Article Text

Survival of drug resistant tuberculosis patients in Lithuania: retrospective national cohort study
  1. Yanina Balabanova1,2,
  2. Birute Radiulyte3,
  3. Edita Davidaviciene3,
  4. Richard Hooper1,
  5. Olga Ignatyeva2,
  6. Vladyslav Nikolayevskyy1,
  7. Francis A Drobniewski1
  1. 1Blizard Institute, Queen Mary University of London, London, UK
  2. 2Samara Oblast Tuberculosis Dispensary, Samara, Russia
  3. 3National Tuberculosis and Infectious Diseases University Hospital, Vilnius, Lithuania
  1. Correspondence to Dr Yanina Balabanova; y.balabanova{at}qmul.ac.uk

Abstract

Objective To establish risk factors influencing survival of patients with multidrug-resistant and extensively drug-resistant tuberculosis (MDR/XDRTB).

Design All MDR/XDRTB cases (n=1809) reported from 2002 to 2008 in Lithuania with a known outcome were included in the survival analysis.

Results Median survival for MDRTB and XDRTB patients was 4.1 (95% CI 3.7 to 4.4) and 2.9 (95% CI 2.2 to 3.9) years. In a multivariable analysis adjusting for other patient characteristics, the difference in survival between MDRTB and XDRTB patients was not significant (HR=1.29 (0.91 to 1.81)). Older age (HR=4.80 (3.16 to 7.29)) for 60+ vs <30 years, rural living (HR=1.20 (1.02 to 1.40)), alcohol use (HR=1.49 (1.13 to 1.96)) for alcoholic versus moderate use, unemployment (HR=1.79 (1.31 to 2.46)), lower education levels (HR=1.50 (1.08 to 2.07)) for primary level versus tertiary level, cavitary disease (HR=1.54 (1.29 to 1.83)) and being smear positive at the time of MDR/XDRTB diagnosis (HR=1.47 (1.19 to 1.82)) were associated with poorer survival. HIV positivity significantly affected survival (HR=3.44 (1.92 to 6.19)) for HIV positive versus HIV negative; HR=1.60 (1.28 to 2.01) for HIV not tested versus HIV negative). There was no difference in survival of patients who acquired MDR/XDRTB during treatment compared with patients with primary MDR/XDRTB (HR=1.01 (0.85 to 1.19)). Treatment with a second-line drug improved survival (HR=0.40 (0.34 to 0.47)). In a subgroup with genotyped TB strains, a Beijing family of strains was associated with poorer survival (HR=1.71 (1.19 to 2.47)).

Conclusions Social factors, rural living, HIV infection and Beijing strain family impact on survival. Survival of MDR/XDRTB patients is short. Rapid drug resistance identification, early administration of appropriate treatment and achieving high cure rates, expansion of HIV testing and antiretroviral treatment are necessary for optimal management of MDR/XDRTB.

This is an open-access article distributed under the terms of the Creative Commons Attribution Non-commercial License, which permits use, distribution, and reproduction in any medium, provided the original work is properly cited, the use is non commercial and is otherwise in compliance with the license. See: http://creativecommons.org/licenses/by-nc/2.0/ and http://creativecommons.org/licenses/by-nc/2.0/legalcode.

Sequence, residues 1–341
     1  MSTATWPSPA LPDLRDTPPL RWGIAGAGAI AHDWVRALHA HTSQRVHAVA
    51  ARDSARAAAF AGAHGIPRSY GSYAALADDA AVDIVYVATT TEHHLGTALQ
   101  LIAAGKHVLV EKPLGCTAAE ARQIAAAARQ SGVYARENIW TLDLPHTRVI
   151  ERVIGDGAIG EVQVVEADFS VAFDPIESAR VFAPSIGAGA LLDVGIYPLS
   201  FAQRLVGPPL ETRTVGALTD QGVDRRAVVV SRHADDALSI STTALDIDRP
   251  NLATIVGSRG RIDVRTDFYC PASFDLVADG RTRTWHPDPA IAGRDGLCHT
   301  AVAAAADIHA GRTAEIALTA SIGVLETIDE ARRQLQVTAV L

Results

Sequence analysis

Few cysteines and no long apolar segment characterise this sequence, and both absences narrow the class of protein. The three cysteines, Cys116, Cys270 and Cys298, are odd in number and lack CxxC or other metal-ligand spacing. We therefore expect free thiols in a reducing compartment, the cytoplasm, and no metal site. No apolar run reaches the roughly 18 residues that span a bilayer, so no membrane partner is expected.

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Footnotes

  • To cite: Balabanova Y, Radiulyte B, Davidaviciene E, et al. Survival of drug resistant tuberculosis patients in Lithuania: retrospective national cohort study. BMJ Open 2011;1:e000351. doi:10.1136/bmjopen-2011-000351

  • Funding The research leading to these results has received funding from the European Community's Seventh Framework Programme (FP7/2007-2013) under grant agreement FP7-223681. The funders had no role in the design or analysis of the study.

  • Competing interests None.

  • Ethics approval Ethics approval was provided by Vilnius Regional Committee for Biomedical Research Ethics, Vilnius University and Queen Mary College Research Ethics Committee.

  • Contributors YB, FAD, OI, VN and RH designed and implemented the study; BR and ED assisted with data collection. RH performed the statistical analysis; YB and FAD drafted the paper. All authors contributed to drafts and approved the final draft of the manuscript. All authors, external and internal, had full access to all of the data (including statistical reports and tables) in the study and can take responsibility for the integrity of the data and the accuracy of the data analysis.

  • Provenance and peer review Not commissioned; externally peer reviewed.

  • Data sharing statement Technical appendix, statistical code and partial dataset (anonymised, without any patients-related identifiers) available from the corresponding author at y.balabanova{at}qmul.ac.uk. Informed consent was not obtained from the study participants as the data present routinely collected surveillance data and the risk of identification is low.

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